Yesterday I visited the Druid Hill Farmer’s market–it was my first time! I’ve always heard that it was a nice market, but I’ve rarely had occasion to visit since it’s in a different part of Baltimore than where I live. I was hoping to catch my friend who owns Manna Artisan Bread, but I realized she is on vacation, living it up somewhere on the west coast. If you do get a chance to catch her at the Druid Hill market or the Thursday Pigtown Farmer’s Market, don’t pass up the chance to buy her amazing sourdough, delicious rye chocolate chip cookies, incredible sandwich breads–or all of the above. When Jake is too busy to bake, Manna Bread is the only acceptable substitute in this house.
The Druid Hill market also has other awesome value-added vendors that buy local themselves, including (mostly) jam and jelly vendor Infused Spreads and spice and herb purveyor Max’s Degrees. Those guys make awesome products and they know how to hustle- you can find them in most of the farmer’s markets around town all week. I picked up a few beautiful veggies from Crooked Fence Farm, too (I can’t resist purple veggies, which they had in spades).
After the market, I went home to cook up a summer feast! The summer is the perfect season for many luscious Italian favorite dishes using eggplant, tomatoes, and basil. Make a pizza with homemade tomato sauce, or pesto for a pizza sauce or just a spread on a good crusty sourdough bread. Which, by the way, you can pick up from Manna Artisan Bread.
The caponata below makes a large batch, enough for several sandwiches or snacks. We also tossed it with pasta as a sauce and veggies, it was delicious. This is a great make ahead salad that will last over the course of a week and improve as it marinates in its own juices.
Summer’s Best Caponata
- 1 large globe eggplant
- 2 small zucchini
- 1 white onion
- 4-6 stalks of celery from the heart – the tender, white bits on the inside
- 1 jalapeno
- 2 cloves garlic
- 2 tbsp tomato paste
- 1/4 cup kalamata or olive cured olives
- 1/4 cup raisins
- 2 tbsp capers
- 1/4 cup apple cider vinegar
- 1/2 cup white wine
- 1/2 tsp smoked paprika
- 1 tsp dried marjoram
- salt, sugar, black pepper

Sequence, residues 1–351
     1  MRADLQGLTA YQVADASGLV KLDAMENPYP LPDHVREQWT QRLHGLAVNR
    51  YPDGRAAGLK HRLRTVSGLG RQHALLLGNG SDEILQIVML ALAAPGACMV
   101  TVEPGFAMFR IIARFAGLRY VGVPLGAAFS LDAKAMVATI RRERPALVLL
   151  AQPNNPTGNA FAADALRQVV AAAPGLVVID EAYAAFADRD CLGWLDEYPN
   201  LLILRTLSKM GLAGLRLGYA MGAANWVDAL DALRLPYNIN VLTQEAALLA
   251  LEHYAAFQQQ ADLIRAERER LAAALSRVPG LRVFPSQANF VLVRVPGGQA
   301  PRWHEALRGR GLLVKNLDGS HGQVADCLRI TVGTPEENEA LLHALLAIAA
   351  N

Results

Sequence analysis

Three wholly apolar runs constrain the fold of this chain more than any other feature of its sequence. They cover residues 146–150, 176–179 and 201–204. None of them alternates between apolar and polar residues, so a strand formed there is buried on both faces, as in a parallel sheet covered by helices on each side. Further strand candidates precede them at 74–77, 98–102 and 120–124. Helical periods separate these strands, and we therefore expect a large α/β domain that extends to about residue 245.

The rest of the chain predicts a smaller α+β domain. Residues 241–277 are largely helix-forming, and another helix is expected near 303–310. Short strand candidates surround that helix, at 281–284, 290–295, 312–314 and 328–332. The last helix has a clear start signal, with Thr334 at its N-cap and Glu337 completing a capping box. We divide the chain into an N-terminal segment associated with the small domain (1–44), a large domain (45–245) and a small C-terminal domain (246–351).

- olive oil
- one bunch each of parsley and mint (a large handful)
- Preheat the oven to 450°F.
- Cut the eggplant and zucchini into cubes, about 1/2-inch. Toss them on a baking sheet (you may need two) with olive oil and a sprinkle each of salt and pepper until they are lightly coated with oil. Eggplant can take a lot of oil, so use a few tablespoons. Roast until lightly golden brown–I set a timer for 15 minutes, toss the tray, roast for about 5 minutes more unless the veg look like they’re really starting to crisp up at the 15 minute mark.
- Meanwhile, dice the onion and celery. Mince the jalapeno and garlic. Roughly chop the olives.
- Add the onion to a large skillet and saute with a splash of olive oil until it is just starting to turn clear. Now, add the celery, garlic, and jalapeno. Stir until fragrant, about 30 seconds. Add the tomato paste, olives, capers, raisins, vinegar, wine, smoked paprika, marjoram, and a 1/2 tsp sugar. Stir together and allow to return to a simmer.
- At this point your eggplant and zucchini will likely be done. When they are, add them to the skillet (or combine everything in a bowl if your skillet is too small) and mix together. Taste for seasoning. The caponata should be slightly sweet, a little sour, and well seasoned with salt and lightly spiced. Adjust for your preferences.
- Leave to cool while you chop the parsley and mint, removing any hard stems. Mix these in, the caponata is now ready to serve warm with bread, although it will improve after a day in the fridge and is excellent cold.